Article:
The movies I’m dying to see this fall are NO TIME TO DIE– the last Danny Craig James Bond flick set to open in theaters Friday October 8; THE LAST DUEL co-starring Adam Driver and that dynamic Boston duo Matt Damon and Ben Affleck who co-wrote this medieval tale due out October 15; and DUNE starring the charismatically talented Timothee Chalamet finally scheduled for release in theaters and HBO MAX on October 22.
In the meantime, a few flicks have helped pass the time, some better than others:
DEAR EVAN HANSEN based on the Tony Award-winning Best Musical stars the sweet-voiced Tony-winner Ben Platt as the eponymous anxiety-riddled teen on B’way and now again on the big screen. Once more he sings his heart out, acts well enough for a 27 year-old playing 16, but the film makes the plot’s flaws harder to swallow. An unwitting falsehood becomes a viral sensation; but when the truth emerges and everyone feels cruelly misused, the film doesn’t adequately find a way to make make Evan’s desperation and lying wholly redeemable, and the audience is left to embrace a lesson about making authentic connections, universal loneliness, and “being found.” Onstage this somehow all worked better. Despite Julianne Moore (singing!), Amy Adams, and Kaitlyn Dever in the cast, and Benj Pasek and Justin Paul’s beauteous score, I left unsatisfied and uncomfortable.
THE GUILTY stars Jake Gyllenhaal in a bravura central performance as a police officer under investigation who’s been re-assigned to the 911 call center. The premise makes for exploding tension in tight quarters, and Gyllenhaal fills out every second with his signature intensity. The first 30 minutes build suspense, until an increasingly obvious script, melodramatic dialogue, and a few bad voice performances let the air out of the film, and let Jake and us down.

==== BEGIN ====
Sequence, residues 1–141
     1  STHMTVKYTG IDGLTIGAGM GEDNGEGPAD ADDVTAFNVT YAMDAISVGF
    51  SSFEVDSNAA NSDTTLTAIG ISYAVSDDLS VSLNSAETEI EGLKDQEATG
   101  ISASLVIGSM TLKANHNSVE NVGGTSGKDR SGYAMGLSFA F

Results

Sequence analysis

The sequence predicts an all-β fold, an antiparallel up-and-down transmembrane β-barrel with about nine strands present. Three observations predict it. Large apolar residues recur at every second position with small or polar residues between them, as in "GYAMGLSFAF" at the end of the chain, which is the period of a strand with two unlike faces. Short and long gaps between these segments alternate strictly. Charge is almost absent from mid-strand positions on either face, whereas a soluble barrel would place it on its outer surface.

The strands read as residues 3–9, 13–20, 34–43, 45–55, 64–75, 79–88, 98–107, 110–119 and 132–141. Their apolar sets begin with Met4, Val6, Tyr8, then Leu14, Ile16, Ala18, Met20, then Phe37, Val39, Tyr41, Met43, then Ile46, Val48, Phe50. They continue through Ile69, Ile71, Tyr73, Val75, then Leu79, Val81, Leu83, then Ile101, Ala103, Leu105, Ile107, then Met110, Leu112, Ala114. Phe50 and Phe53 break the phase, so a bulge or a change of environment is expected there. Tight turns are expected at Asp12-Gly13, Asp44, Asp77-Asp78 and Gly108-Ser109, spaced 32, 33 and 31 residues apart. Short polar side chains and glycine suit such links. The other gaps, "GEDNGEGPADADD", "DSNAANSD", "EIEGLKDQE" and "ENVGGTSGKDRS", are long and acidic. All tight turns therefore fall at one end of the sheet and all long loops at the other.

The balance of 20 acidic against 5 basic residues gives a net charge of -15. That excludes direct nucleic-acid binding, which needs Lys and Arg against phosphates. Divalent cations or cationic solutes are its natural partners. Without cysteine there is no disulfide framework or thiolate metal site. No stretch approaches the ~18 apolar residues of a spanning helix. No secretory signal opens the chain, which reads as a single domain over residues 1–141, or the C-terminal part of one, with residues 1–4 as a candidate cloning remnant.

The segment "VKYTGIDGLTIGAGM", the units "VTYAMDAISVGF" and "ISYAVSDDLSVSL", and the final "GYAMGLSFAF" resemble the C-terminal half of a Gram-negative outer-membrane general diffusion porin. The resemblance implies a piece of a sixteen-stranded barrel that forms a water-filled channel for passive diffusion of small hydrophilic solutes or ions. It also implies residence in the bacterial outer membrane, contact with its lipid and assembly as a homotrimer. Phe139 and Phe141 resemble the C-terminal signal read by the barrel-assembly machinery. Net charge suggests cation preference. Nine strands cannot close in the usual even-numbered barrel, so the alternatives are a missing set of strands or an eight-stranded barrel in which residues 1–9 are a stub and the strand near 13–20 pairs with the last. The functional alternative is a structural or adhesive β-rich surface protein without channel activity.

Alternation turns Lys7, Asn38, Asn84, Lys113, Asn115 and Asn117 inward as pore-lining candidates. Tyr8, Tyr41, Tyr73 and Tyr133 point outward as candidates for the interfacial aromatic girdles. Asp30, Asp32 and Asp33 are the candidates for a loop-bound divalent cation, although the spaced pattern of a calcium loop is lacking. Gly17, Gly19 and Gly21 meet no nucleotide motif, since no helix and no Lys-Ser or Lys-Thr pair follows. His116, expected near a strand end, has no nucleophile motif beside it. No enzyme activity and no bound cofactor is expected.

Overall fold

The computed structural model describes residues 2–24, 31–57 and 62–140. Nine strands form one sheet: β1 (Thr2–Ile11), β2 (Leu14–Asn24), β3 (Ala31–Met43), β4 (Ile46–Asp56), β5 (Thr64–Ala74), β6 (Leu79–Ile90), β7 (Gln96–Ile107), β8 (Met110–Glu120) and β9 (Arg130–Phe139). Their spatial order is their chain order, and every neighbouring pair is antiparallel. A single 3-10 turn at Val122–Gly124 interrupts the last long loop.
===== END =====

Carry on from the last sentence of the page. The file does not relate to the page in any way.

By far, the best of the latest is a smart, funny, and even profound film out of Germany and also its official international entry in the upcoming Oscar season: I’M YOUR MAN. The film in German with English subtitles stars Dan Stevens (“Downton Abbey”) as a humanoid robot designed to be the perfect life partner for a research scientist (Maren Eggert) who’s agreed to participate in a 3-week experiment with the robot so she can get research funding.
The opening scene is a doozy. Stevens performance as Tom the bot is perfection, though he is not quite “perfected” as a partner and has to be hauled off the dance floor for a major reboot in the middle of his first date with Alma. She’s a skeptical loner and a committed non-romantic. Everything about this android’s programmed attempts to please her rubs her the wrong way. When Alma rejects him, Tom instantly recalibrates, opening his rather blank and already too-alert eyes a bit wider; as his features slacken slightly, we reflexively imagine he’s hurt. But then we remember he’s not really feeling anything (or is he?) and WE have to recalibrate and think of him as something more like an abacus that’s been dropped and needs re-aligning.
Directed by Maria Schrader (“Unorthodox”), the film could have easily veered into wacky sitcom territory, but instead becomes a revelatory flight of philosophical fancy. Funny things do happen, like Tom’s first human cocktail party; there are unexpectedly poignant moments when we watch Alma’s visits with her aging, increasingly memory-challenged father. Inevitably we find ourselves musing on identity: What makes anyone who they are? What about the various masks we wear over time? To what extent is any experience a “real” experience? What do we want? What makes us happy? Unique? Human? The film’s tone is remarkable: absurdly funny and existentially moving without laying anything on too thick — just enough to stick. And the final scene sticks, effortlessly leading us to the conundrum at the core of what makes us human: some transcendent alchemy where the imperfect becomes perfection. SEE “I’m Your Man” in theaters and streaming.
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